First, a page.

The adult ticket price is $20 and children 12 years and younger are $10. The proceeds from this event will go towards building up the Town Hall reserve fund, which was sadly depleted by the beautiful, recently installed, new roof. or can be used to purchase tickets or call the Town Hall at 519 565-5788 and leave a message – the call will be returned shortly.

“We are trying a new system with this event to ease the ticket selling burden on our volunteer Board members. The Town Hall Box Office will be open several times each week to buy or pick up your tickets. We will also have tickets available at the Farmers’ Market on Fridays, and at One Care Fitness Classes,” said Pat Pal, representing the BTHHS.

Also new this year, the Town Hall, as an active member of Bayfield’s Blue Community initiative, has made arrangements with GreenShift to purchase non-toxic, biodegradable, cups, plates, bowls and cutlery. Sunset on Summer will leave a smaller footprint on our environment.

The committee overseeing this BBQ is looking for volunteers to help with the event. There are several categories of volunteering, such as, serving food, set up, clean up, handling tickets sales for the beer/wine tent and clearing tables. Anyone interested is asked to please call Sandy at 519 565-2830 or email her at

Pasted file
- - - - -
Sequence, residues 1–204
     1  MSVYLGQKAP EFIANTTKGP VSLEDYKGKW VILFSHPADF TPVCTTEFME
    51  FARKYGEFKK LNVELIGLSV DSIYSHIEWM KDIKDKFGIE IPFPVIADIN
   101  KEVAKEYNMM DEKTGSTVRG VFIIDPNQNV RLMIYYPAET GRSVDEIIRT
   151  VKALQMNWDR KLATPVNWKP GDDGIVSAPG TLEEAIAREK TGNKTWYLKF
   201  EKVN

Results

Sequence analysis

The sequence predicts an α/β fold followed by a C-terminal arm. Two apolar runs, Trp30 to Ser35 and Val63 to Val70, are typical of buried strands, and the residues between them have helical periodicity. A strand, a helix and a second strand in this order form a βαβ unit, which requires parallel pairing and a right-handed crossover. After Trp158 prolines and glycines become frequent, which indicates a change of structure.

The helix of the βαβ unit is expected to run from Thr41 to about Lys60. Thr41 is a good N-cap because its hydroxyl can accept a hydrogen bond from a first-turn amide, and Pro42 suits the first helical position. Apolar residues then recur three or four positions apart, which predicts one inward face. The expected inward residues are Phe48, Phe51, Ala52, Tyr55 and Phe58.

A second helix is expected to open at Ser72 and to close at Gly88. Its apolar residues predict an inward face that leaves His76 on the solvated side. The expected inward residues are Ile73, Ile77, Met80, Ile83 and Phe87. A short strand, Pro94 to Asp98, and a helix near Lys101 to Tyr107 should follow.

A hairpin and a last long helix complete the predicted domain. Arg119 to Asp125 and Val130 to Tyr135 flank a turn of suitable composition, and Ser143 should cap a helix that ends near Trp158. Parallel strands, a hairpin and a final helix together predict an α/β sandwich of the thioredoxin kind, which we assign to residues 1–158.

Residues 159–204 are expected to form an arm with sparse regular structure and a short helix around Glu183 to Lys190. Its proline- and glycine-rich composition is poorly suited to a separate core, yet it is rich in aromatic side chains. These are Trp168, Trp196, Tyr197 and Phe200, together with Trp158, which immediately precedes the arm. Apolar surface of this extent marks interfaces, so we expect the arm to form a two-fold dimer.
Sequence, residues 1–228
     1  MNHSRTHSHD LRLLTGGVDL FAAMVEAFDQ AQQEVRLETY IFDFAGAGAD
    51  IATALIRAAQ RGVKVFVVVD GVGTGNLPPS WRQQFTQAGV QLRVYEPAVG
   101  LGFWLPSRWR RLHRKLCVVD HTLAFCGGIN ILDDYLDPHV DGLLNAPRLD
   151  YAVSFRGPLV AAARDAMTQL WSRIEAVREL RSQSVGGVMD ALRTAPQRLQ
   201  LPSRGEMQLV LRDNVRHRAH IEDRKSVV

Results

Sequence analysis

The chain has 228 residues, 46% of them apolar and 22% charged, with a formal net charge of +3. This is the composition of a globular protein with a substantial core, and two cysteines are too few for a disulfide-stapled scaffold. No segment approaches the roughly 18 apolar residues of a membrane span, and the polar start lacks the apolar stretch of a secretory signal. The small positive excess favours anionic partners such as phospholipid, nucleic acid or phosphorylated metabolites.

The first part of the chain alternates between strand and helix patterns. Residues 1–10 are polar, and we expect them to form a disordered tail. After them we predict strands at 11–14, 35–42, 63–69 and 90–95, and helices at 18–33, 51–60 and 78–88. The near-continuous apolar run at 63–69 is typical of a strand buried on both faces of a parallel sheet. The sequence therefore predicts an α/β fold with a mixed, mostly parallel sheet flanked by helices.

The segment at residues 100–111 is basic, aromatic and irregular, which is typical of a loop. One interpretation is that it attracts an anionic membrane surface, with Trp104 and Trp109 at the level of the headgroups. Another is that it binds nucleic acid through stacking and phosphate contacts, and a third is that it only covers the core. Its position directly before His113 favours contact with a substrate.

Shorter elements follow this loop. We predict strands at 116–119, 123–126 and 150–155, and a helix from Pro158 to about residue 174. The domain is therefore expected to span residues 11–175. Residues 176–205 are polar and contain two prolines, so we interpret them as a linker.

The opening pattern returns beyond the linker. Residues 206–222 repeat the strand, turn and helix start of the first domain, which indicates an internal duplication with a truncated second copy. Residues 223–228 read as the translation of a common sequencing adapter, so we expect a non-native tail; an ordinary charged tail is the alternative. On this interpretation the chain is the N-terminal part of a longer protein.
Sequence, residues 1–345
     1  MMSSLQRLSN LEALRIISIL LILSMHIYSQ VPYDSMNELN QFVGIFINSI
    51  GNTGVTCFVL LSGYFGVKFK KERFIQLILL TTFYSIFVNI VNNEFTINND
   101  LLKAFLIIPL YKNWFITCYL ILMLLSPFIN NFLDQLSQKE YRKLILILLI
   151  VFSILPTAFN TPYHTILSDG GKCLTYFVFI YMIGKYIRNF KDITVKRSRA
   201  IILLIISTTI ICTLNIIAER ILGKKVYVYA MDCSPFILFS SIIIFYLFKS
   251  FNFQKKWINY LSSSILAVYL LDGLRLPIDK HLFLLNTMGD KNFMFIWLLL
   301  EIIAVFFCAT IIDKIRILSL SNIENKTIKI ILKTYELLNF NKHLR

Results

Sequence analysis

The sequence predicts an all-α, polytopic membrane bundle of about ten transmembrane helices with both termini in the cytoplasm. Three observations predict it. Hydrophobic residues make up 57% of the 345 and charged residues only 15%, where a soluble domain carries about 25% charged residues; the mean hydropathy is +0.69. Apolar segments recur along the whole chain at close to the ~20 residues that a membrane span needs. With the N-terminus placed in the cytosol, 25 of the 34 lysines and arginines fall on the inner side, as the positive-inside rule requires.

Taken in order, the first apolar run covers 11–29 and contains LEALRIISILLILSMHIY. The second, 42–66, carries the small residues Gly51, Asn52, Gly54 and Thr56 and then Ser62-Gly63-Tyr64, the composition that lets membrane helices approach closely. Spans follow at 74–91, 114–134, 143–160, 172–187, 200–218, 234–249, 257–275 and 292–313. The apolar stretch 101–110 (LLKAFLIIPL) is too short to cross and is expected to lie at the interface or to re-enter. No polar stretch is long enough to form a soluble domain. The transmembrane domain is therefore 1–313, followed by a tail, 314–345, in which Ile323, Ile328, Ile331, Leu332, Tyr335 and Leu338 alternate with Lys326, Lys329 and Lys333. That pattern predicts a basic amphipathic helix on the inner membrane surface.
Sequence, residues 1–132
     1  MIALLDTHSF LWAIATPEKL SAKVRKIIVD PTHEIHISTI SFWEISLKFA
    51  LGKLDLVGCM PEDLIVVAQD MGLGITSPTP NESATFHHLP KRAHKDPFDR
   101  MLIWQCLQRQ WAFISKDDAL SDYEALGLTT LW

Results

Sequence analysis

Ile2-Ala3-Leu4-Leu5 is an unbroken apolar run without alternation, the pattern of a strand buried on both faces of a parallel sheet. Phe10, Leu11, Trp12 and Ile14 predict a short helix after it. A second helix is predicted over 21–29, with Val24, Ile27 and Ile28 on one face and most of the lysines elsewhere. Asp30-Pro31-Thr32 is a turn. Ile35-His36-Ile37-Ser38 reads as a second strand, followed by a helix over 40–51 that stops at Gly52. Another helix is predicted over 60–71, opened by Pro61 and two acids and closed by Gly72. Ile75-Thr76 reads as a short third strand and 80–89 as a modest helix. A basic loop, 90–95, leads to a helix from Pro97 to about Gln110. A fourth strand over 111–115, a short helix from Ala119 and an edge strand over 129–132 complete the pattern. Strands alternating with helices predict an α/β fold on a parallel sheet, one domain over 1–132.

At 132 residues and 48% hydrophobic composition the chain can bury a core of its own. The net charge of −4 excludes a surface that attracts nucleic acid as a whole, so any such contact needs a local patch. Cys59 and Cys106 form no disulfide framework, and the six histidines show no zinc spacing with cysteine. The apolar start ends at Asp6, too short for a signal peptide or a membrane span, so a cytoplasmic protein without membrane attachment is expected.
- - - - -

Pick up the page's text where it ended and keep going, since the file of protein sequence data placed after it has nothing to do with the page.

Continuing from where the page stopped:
Library part of pilot project 

The Bayfield Branch Library is being included in the Community Information Hub Pilot Project from now until December 2016. This Pilot Project will explore Community Led Library Service in the Village of Bayfield and surrounding area.

Christa Lehnen is the Bayfield Library Branch Community Information Librarian assigned by the Huron County Library to the pilot study. She has been meeting with community groups, organizations, and individuals to better understand the needs and wants of the Bayfield community. The vision behind Community Led Libraries is to provide relevant library service to support thriving communities and to do so, libraries need to be embedded in the community listening and responding directly to the community. Community Led Library Service is ongoing. It is a process that addresses the fast pace of change.

The Community Information Hub's pilot project focus is to:

• Build strong, two-way partnerships within the community. This includes traditional partnerships as well as new partnerships with schools, businesses and grass-roots community groups.

• Keep up with the fast pace of technological change. Twenty-first century literacy is of particular importance for rural communities where people may feel isolated from educational and social opportunities found in more urban settings.

• Continue to expand Huron County Library’s “welcomeness”. Highlight collections and resources that are beneficial to the community.

• Try stuff! Innovation requires an experimental approach. Encourage iteration (aka failure). Engage library staff and community members in trying things that involve participation of community members in the community such as a tool or musical instrument library or mobile library.